“With great wit, passion, sensitivity and patience, Ipellie articulated significant issues affecting Inuit Nunangat. including political sovereignty, climate change, resource extraction and the ongoing impacts of colonization,” said Sandra Dyck, director of the Carleton University Art Gallery. “It has been a great joy to gather his extraordinary work together and bring it to broader public attention. There is no one like him.” 

Dyck co-curated the exhibit along with Dr. Heather Igloliorte, associate professor of art history at Concordia University, and Christine Lalonde, associate curator of Indigenous art at the National Gallery of Canada.

Gallery 1C03 is the final venue for the show. It was presented first at Carleton University Art Gallery, in Ottawa, in 2018. The exhibit spent early 2019 at the Richard F. Brush Art Gallery, St Lawrence University, in Canton, New York. In April 2019 it travelled back to Canada, to the Nunata Sunakkutaangit Museum, in Iqaluit, before heading to the Art Gallery of Hamilton in Hamilton, Ontario in fall 2019, and landing in Winnipeg on February 27, 2020.

This circulating exhibition, produced by Carleton University Art Gallery (Ottawa, Ontario) was made possible in part by the Canada Council for the Arts and the Ontario Arts Council. Gallery 1C03 also acknowledges financial assistance from the Department of Canadian Heritage for making it possible to host this exhibition, as well as the support of the Manitoba Inuit Association.

View the exhibit:

Alootook Ipellie: Walking Both Sides of an Invisible Border will be on display at Gallery 1C03 until Saturday April 11, and can be viewed during regular gallery hours, Monday – Friday, 12:00 – 4:00 pm, (closed on April 10), and on Saturdays, 1:00 – 4:00 pm.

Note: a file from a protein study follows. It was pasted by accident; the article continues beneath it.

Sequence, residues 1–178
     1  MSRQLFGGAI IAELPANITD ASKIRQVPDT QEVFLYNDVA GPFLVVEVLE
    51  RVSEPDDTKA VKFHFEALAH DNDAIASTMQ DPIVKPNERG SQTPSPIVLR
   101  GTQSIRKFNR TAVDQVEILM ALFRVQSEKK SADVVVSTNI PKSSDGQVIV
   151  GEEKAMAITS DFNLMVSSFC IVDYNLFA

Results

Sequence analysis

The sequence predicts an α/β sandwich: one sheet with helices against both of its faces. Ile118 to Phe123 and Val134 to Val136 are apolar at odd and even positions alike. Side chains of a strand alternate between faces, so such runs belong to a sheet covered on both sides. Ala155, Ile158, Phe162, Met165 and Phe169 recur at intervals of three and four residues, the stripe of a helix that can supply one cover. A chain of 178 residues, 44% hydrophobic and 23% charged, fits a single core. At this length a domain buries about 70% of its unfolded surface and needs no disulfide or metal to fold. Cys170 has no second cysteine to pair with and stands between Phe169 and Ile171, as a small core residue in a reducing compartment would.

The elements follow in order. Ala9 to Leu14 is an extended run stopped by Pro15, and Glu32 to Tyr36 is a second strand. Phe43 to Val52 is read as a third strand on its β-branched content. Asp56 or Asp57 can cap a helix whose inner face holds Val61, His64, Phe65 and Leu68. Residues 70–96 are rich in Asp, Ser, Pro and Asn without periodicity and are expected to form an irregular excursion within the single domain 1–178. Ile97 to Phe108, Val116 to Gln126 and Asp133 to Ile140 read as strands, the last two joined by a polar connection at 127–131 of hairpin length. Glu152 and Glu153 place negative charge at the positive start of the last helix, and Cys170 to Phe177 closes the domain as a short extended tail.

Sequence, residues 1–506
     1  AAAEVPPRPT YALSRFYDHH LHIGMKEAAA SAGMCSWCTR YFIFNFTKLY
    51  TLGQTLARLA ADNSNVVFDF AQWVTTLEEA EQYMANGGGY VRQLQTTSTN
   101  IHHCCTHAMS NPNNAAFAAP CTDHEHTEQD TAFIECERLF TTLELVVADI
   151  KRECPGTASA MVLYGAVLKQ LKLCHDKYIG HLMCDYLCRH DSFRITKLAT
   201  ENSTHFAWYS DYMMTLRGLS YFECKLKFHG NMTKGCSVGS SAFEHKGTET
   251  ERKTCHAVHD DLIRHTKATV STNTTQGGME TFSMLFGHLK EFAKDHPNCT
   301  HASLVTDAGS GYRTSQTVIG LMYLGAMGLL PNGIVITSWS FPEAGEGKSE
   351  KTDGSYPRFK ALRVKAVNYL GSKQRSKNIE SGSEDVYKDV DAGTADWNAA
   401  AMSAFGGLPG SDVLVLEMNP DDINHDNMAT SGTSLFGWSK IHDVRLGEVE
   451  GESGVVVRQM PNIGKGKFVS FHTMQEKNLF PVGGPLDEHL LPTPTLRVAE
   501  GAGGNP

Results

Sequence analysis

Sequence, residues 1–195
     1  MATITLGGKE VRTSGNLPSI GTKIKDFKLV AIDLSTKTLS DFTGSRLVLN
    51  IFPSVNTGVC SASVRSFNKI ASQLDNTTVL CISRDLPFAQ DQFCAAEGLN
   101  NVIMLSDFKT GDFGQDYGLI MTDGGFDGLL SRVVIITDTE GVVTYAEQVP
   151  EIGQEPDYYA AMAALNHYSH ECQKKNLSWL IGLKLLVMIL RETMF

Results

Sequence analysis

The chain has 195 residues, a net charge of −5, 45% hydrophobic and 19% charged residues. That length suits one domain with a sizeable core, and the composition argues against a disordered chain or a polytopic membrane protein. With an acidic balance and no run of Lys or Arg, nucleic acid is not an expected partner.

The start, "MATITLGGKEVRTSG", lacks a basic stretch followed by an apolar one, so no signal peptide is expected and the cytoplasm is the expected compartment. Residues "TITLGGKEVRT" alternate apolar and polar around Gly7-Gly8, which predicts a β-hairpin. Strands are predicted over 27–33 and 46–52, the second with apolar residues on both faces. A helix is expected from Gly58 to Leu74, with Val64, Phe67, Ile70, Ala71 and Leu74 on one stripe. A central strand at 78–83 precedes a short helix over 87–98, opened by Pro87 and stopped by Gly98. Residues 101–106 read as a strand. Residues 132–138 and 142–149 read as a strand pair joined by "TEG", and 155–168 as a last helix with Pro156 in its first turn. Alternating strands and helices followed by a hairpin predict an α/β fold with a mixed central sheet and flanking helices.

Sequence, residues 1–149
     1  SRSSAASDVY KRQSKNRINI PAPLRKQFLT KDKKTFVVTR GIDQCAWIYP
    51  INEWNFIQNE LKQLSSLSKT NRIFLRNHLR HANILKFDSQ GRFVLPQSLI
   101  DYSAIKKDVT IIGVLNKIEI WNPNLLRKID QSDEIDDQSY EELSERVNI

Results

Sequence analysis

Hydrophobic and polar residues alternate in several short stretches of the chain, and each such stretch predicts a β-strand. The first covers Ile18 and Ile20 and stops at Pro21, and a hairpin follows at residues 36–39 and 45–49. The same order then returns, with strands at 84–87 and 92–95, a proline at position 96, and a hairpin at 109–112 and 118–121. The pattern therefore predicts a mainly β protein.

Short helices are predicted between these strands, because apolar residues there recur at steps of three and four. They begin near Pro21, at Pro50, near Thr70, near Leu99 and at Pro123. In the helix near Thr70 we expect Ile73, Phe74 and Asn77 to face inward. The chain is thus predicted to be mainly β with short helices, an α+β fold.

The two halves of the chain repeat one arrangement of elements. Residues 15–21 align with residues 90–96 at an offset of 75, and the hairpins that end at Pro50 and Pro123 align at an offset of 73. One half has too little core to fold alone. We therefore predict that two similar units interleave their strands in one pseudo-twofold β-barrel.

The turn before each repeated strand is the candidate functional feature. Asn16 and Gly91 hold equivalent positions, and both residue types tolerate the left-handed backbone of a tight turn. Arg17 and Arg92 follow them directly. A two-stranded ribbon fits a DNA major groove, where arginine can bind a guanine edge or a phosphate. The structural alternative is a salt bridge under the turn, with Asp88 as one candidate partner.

Poetry reading 

Everyone is welcome to attend a poetry reading featuring Duncan Mercredi, Özten Paul, and Marie-Anne Redhead, taking place March 24, 2020, 11:30 am – 12:00 pm, Room 2M67, The University of Winnipeg. 

South of Inuit Nunangat – A Conversation, followed by a reception

One of the themes running through Ipellie’s work is the concept of “living in two worlds” – North and South – and his struggle to reconcile them.  Join exhibition co-curator Heather Igloliorte, in conversation with urban Inuit women Nikki Komaksiutiksak, Nicole Luke, and Jocelyn Piirainen, as they discuss their experiences living and working outside of Inuit Nunangat. The event takes place April 3, 2020, 2:30 – 4:00 pm, Convocation Hall, The University of Winnipeg, followed by a reception, 4:00 – 6:00 pm, Gallery 1C03.

Gallery 1C03 is located on ground level of Centennial Hall. There are accessible and gender-neutral washrooms on campus. Please consult the accessibility map on the University of Winnipeg website for more detailed information. Admission to the gallery and our programming events are free and everyone is welcome. ASL can be arranged for the poetry reading, conversation, reception and exhibit tours with two weeks’ advance notice by contacting the gallery.